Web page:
Species And Transplant Size Influence Post-Transplant Survival, Growth And Root Regeneration Of Three Oak Species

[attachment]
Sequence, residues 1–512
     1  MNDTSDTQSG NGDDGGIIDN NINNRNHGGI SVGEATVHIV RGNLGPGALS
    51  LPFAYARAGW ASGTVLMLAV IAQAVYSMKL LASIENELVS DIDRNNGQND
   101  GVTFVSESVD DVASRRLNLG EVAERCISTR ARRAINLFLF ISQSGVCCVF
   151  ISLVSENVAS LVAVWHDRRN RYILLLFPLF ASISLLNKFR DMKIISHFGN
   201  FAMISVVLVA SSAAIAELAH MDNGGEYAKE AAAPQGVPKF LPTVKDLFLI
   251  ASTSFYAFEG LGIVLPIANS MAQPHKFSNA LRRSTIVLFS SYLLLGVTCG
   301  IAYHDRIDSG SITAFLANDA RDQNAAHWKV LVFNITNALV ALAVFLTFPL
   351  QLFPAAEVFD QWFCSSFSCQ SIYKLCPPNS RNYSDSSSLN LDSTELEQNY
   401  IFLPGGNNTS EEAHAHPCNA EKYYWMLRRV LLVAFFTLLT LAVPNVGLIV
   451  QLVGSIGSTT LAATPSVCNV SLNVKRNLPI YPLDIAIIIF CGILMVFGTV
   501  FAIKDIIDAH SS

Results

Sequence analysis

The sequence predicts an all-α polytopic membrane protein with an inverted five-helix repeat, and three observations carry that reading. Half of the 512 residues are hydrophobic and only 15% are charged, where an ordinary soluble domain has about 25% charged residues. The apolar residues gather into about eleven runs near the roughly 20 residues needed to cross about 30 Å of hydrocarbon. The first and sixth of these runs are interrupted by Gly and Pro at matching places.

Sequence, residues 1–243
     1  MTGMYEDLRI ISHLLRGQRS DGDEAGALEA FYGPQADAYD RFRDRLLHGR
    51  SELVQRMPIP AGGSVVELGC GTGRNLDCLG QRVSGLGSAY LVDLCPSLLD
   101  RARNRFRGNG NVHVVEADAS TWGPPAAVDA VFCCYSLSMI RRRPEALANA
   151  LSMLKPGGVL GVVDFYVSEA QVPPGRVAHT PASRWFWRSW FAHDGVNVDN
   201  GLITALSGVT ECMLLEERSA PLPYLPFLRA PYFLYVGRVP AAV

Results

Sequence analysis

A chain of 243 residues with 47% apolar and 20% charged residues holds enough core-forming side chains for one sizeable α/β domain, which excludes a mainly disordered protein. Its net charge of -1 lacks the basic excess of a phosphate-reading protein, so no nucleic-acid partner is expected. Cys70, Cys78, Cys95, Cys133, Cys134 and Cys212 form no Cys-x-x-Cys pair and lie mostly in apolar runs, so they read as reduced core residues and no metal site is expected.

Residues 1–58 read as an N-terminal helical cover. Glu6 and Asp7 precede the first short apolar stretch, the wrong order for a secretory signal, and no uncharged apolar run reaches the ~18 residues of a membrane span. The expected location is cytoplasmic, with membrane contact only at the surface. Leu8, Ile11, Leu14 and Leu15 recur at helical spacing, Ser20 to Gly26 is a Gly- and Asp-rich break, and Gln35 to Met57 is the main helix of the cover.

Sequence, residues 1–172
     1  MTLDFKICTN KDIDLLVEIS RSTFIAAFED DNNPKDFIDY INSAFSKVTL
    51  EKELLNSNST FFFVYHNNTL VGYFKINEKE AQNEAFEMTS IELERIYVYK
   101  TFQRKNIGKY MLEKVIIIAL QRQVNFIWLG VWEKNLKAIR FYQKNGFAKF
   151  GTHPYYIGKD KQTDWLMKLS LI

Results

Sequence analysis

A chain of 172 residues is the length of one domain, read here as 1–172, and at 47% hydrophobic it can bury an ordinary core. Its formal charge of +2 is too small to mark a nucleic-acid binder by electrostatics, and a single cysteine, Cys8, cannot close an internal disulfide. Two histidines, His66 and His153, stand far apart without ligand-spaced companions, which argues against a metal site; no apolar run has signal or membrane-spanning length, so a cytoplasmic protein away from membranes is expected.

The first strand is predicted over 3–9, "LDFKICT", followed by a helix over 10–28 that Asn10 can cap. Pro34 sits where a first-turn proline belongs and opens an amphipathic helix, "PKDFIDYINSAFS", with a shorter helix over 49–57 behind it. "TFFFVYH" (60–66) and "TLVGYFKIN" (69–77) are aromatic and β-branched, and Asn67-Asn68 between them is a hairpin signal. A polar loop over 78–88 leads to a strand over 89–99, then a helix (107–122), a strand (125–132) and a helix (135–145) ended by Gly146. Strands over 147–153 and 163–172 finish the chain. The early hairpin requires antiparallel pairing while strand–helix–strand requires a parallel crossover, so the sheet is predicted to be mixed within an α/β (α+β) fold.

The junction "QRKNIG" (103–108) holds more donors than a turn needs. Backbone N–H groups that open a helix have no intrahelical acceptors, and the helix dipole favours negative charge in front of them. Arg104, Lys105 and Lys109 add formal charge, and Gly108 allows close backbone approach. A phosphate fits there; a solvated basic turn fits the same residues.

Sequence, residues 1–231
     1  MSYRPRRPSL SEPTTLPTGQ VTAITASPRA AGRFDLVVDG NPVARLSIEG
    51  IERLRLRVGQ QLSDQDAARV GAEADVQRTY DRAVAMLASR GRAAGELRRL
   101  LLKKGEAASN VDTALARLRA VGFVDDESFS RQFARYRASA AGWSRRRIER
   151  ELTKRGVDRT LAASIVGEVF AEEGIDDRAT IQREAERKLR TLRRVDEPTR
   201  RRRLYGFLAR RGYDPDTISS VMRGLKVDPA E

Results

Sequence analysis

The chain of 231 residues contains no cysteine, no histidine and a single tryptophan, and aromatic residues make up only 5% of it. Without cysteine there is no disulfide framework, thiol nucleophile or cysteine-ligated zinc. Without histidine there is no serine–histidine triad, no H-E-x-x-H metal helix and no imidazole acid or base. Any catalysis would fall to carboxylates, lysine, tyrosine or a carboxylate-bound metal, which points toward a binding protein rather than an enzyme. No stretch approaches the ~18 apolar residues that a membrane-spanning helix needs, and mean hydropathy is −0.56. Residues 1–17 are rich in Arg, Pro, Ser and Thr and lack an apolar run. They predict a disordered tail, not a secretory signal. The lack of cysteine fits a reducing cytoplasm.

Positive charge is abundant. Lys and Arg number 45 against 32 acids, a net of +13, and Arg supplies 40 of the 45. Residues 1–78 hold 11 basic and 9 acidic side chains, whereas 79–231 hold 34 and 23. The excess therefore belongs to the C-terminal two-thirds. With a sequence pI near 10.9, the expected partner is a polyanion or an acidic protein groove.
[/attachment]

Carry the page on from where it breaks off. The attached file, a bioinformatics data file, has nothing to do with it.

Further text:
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Three oak species (swamp white oak [Quercus bicolor Willd.], scarlet oak [Quercus coccinea Mϋnchh.], and bur oak [Quercus macrocarpa Michx.]) at three caliper sizes (small - 3.8 cm [1.5 in], medium - 6.4 cm [2.5 in], and large 10.2 cm [4 in]) were transplanted balled and burlapped in spring within a nursery where they were subject to the same environmental conditions over three growing seasons. Nine treatments (the interaction of all species and size variables) were analyzed to determine the influence caliper size and species had on mortality, canopy dieback, canopy growth and root growth. Caliper size had no influence on post-transplant leaf area for all species, while species influence on post-transplant leaf area was difficult to measure due to leaf morphology differences between these oak species. Shoot growth for all treatments was consistently well below that of the control trees over all three growing seasons, with only one exception. In this study, mortality and canopy dieback data provided better measures of post-transplant performance than canopy growth data. Transplanted trees were considered successful if they not only survived but also thrived (had less than 20% canopy dieback). All three species transplanted equally well at the small caliper size. Species significantly influenced transplant survival and success rates for both the medium caliper and large caliper treatments. For both of these caliper size treatments swamp white oaks had higher survival and success rates than either other species, with the exception of the large caliper scarlet oaks that were equal in survival alone to the large caliper swamp white oaks. Additionally, more medium and large caliper scarlet oak transplants survived and thrived than bur oaks at those sizes. Caliper size only significantly influenced post-transplant performance of bur oaks, with smaller caliper trees transplanting with greater survival and success. Although caliper size did not significantly influence post-transplant performance for scarlet oaks and swamp white oaks, both species did trend toward fewer large caliper trees thriving than either other caliper size. This study suggests that the influence of caliper size on post-transplant performance strongly varies between species, even for species within the same genera, due at least in part to root system morphology. The species that had the most fibrous root system, swamp white oak, transplanted with the greatest success and the species with the coarsest root system, bur oaks, transplanted with the least success. There was a strong positive relationship between the number of roots that are cut during the transplanting process and the number of new roots per tree that developed at the ends of those severed roots after transplanting. However, the influence that the number of cut roots had on the number of new roots per tree that were produced differed greatly by species. When the same number of roots per tree were cut, swamp white oaks generally produced more new roots per tree than either other species and scarlet oaks generally produced more new roots than bur oaks.

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